Author information


  1. Institute of Functional Nano and Soft Materials (FUNSOM), Jiangsu Key Laboratory for Carbon-Based Functional Materials and Devices, Soochow University, Suzhou, Jiangsu, 215123, China

    • Lili Zhu
    • , Haiping Lin
    • , Youyong Li
    • , Fan Liao
    • , Yeshayahu Lifshitz
    • , Minqi Sheng
    • , Shuit-Tong Lee
    •  & Mingwang Shao
  2. Materials Science and Engineering Department, Technion, Israel Institute of Technology, Haifa 3200003, Israel

    • Yeshayahu Lifshitz


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L.Z. and H.L. contributed equally to the conception, planning of the project, performance of the experiments and co-wrote the manuscript. M.S. and S.-T.L. provided overall guidance in experimental design, experimental planning, data analysis and interpretation, scientific discussions throughout the project and manuscript writing. F.L. and M.S. conducted some electrochemical experiments. Y.L. performed the theoretical modelling and calculation. Y.L. participated in the experimental design, data analysis and the interpretation and played a major role in the manuscript writing.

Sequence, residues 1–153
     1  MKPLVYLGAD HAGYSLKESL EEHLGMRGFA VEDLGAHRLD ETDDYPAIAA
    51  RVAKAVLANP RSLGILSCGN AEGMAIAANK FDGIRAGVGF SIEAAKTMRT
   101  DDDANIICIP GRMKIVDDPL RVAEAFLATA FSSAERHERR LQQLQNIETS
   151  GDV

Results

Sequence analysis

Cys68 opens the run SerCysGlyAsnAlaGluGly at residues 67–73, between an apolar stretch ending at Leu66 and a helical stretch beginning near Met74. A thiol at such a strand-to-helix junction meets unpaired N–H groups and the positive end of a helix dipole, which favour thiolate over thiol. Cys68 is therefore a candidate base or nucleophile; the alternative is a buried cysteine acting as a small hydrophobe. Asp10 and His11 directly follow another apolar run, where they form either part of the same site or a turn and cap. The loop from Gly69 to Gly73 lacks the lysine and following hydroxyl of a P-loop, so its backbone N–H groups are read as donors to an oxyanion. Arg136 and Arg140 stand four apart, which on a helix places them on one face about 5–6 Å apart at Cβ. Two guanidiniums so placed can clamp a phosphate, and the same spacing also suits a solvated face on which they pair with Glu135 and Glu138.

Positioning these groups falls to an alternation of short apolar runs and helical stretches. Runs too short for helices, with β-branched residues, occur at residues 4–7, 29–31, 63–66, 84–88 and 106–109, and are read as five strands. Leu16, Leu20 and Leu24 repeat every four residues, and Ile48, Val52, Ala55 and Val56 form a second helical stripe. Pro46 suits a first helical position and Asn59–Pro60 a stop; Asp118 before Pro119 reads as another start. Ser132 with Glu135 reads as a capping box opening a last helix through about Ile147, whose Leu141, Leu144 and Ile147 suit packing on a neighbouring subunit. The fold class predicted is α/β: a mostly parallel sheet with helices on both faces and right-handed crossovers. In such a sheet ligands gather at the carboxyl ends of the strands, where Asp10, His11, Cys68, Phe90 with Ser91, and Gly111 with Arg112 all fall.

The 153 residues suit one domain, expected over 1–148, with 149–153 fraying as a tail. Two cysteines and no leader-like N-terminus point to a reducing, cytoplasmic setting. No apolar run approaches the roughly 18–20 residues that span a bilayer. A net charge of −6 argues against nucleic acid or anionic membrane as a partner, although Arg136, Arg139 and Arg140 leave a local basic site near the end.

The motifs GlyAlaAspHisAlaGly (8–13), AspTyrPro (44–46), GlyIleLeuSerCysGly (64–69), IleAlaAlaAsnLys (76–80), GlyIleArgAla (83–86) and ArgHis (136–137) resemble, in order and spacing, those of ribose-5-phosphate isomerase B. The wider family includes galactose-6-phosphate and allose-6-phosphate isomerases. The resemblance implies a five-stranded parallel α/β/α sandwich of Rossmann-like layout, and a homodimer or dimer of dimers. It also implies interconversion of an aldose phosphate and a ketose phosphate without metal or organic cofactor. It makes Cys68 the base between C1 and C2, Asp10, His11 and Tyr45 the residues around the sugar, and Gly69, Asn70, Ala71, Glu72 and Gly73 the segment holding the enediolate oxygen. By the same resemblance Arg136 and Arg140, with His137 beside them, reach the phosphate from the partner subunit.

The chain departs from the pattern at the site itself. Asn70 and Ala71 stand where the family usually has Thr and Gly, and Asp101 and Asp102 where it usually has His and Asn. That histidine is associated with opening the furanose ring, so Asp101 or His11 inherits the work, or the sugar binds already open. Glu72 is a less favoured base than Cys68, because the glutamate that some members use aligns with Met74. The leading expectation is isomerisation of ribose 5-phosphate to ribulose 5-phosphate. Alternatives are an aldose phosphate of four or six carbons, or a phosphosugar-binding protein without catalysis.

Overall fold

Competing interests

The authors declare no competing financial interests.

Corresponding authors

Correspondence to Youyong Li or Shuit-Tong Lee or Mingwang Shao.

Supplementary information

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    Supplementary Information

    Supplementary Figures 1-9, Supplementary Tables 1-4, Supplementary Notes 1-3, Supplementary Methods and Supplementary References.

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  1. 1.

    Supplementary Movie 1

    The Rh-adsorbed hydrogen may migrate to bare Si surface atoms near the Si/Rh interfaces, which help to enhance the electrocatalytic ability for hydrogen evolution reaction.